CALM Act Implementation: Good News ... So Far

BTR_Feature_Art_CALM Things seem relatively peaceful and sedate - calm, in other words - in the four months since the Commercial Advertisement Loudness Mitigation (CALM) Act took effect.

The placid adoption and early months of the CALM regulation may signal that the cable industry has taken care of business. Conversely, the current situation may be the calm (or CALM) before the storm as the FCC assesses where the situation stands and gathers complaints from subscribers.

Though things are quiet, there has been a bit of news on the CALM front. On April 4, both the SCTE and the Advanced Television Systems Committee - the group that sets the rules - made announcements.

The ATSC updated A/85, which it says is the "core technology mandated" by CALM. In essence, the ATSC is tweaking the way in which loudness is measured for enforcement purposes. More specifically, the update pegs measurement to the International Telecommunication Union recommendation ITU-R BS.1770-3. The press release provides some information on what this means.

The SCTE, in turn, announced the publication of Recommendations for Spot Check Loudness (SCTE 197 2013). The document, according to the SCTE, offers best practices for measuring audio in a single programming channel "aligned" with A/85. In essence, the SCTE document provides guidance on how to implement A/85 in the more complex environment of a multichannel cable operation, said Ralph Bachofen, the vice president of sales and head of marketing for Triveni Digital.

Cable planners are aware that audio monitoring and control is a difficult task. They provide hundreds of channels of programming and, except in the case of local avails, simply pass through ads that are already in the program stream - and for which they are responsible nonetheless. They have responded, said Ken Hunold, a staff engineer for audio production at Dolby (NYSE:DLB).  "I believe the cable industry actually is one of the first to get its arms around controlling the loudness of the content they deliver," he said.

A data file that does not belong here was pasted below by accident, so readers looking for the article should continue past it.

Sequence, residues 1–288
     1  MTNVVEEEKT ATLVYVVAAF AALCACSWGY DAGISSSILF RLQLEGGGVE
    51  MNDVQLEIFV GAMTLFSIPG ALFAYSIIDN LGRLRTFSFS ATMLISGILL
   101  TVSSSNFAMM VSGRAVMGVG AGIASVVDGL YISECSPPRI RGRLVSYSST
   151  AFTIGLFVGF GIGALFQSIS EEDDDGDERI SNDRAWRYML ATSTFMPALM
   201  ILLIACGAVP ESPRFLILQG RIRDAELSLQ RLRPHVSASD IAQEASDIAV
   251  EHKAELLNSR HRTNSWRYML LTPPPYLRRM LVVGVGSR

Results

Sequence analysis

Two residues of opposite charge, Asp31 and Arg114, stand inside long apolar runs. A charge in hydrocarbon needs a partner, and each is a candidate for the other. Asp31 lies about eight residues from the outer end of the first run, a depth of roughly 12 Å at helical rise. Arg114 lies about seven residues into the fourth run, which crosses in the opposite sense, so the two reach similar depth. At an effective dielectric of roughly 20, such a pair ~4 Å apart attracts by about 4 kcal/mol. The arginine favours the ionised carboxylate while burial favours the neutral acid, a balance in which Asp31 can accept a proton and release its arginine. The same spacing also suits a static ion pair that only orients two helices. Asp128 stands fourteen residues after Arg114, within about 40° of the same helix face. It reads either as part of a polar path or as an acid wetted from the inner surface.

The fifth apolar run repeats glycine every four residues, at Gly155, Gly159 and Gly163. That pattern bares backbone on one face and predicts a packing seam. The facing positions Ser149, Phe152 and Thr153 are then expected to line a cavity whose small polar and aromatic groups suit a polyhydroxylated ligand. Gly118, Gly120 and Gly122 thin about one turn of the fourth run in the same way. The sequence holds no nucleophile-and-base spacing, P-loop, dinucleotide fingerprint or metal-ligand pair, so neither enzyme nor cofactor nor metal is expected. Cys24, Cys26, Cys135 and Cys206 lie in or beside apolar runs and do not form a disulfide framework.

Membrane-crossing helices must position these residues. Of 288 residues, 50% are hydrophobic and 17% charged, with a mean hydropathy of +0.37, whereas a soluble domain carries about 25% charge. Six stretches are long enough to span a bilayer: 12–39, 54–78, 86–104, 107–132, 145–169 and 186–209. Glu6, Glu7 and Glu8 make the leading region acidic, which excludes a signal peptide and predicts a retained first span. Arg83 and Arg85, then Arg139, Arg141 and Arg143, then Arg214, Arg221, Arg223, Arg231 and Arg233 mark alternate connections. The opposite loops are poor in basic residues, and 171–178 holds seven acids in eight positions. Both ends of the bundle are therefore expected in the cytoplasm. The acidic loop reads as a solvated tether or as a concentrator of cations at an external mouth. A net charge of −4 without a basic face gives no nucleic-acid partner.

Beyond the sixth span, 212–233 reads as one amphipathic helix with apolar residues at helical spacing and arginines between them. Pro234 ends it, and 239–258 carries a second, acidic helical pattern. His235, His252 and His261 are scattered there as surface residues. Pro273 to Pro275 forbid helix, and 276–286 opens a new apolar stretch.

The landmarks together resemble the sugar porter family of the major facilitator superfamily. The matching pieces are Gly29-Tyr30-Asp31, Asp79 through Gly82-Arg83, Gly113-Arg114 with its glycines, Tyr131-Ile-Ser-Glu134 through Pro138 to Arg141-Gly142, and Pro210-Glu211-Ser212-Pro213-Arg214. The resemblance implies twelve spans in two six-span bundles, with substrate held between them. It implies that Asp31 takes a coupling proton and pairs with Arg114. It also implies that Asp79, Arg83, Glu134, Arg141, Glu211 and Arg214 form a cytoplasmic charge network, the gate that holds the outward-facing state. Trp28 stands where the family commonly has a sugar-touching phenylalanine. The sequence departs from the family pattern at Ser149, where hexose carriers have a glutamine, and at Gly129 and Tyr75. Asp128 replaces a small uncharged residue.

CALM technology adoption is following a familiar industry pattern. Jim Welch, the senior consulting engineer for IneoQuest, said some operators have been proactive on CALM, while some of the smaller operators have not prepared. The latter group, Welch said, still is getting up to speed.

The wait-and-see attitude on the part of smaller players may have an extra dimension in this case. There has been no enforcement activity to date. Despite this, vendors have introduced equipment aimed at simultaneously monitoring multiple channels and producing enough information to quickly address issues. Smaller operators may just be waiting to see how the landscape develops over the next few months. "I hope that it's true that no violations actually have been found," Bachofen said. "That would be the best case scenario because it would mean that we did our job right."

The wait-and-see attitude appears to exist at several levels. The FCC may be waiting to see if there are enough complaints on the part of viewers to justify enforcement. Assuming complaints will be lodged in sufficient numbers to justify action, the FCC also may want to get a sense of the nature of the complaints before moving forward. Operators, in turn, likely want to see what type of enforcement actions are taken before investing heavily in hardware and software to confront the problem. The final level of the chicken-and-egg game may be content providers, who may be waiting until the end of current contracts to allow loudness requirements to be written into carriage agreements.

The overriding question is if the FCC has made no moves because it has no reason to or if the agency is getting its enforcement ducks in a row and will become more active as time moves on. Dennis Kucera, an MPEG applications engineer for Tektronix, suggested that this will become more clear between the beginning of the summer and the end of the year. The key question is precisely what the FCC will do when an operator is found to be out of compliance. Will it provide a warning or immediately assess penalties? "It's still a gray area," he said.

Things likely will clarify during the next few months. Andrew Sachs, the Vice President of Product Management for Volicon, believes there still are offending systems – particularly on the local insertion front – and that it is likely that the FCC is biding its time. “There are so many moving parts between the update to A/85 and the SCTE takings its first stab at spot check procedures. It’s really very early on in this process and the ground still is moving. If I were the FCC I wouldn’t attempt too much enforcement right now.”

The good news is that the industry's ability to monitor and control loudness of its programming has improved, regardless of what the FCC does. "The whole situation of loud commercials is getting better regardless of oversight and enforcement," Welch said. "In general, it is a much better situation than a year or two ago. Companies are more willing to do something about it because of all the publicity."

What remains to be seen is if the FCC - and, through it, the people that they represent - are satisfied.

Carl Weinschenk is the Senior Editor of Broadband Technology Report.  Contact him at

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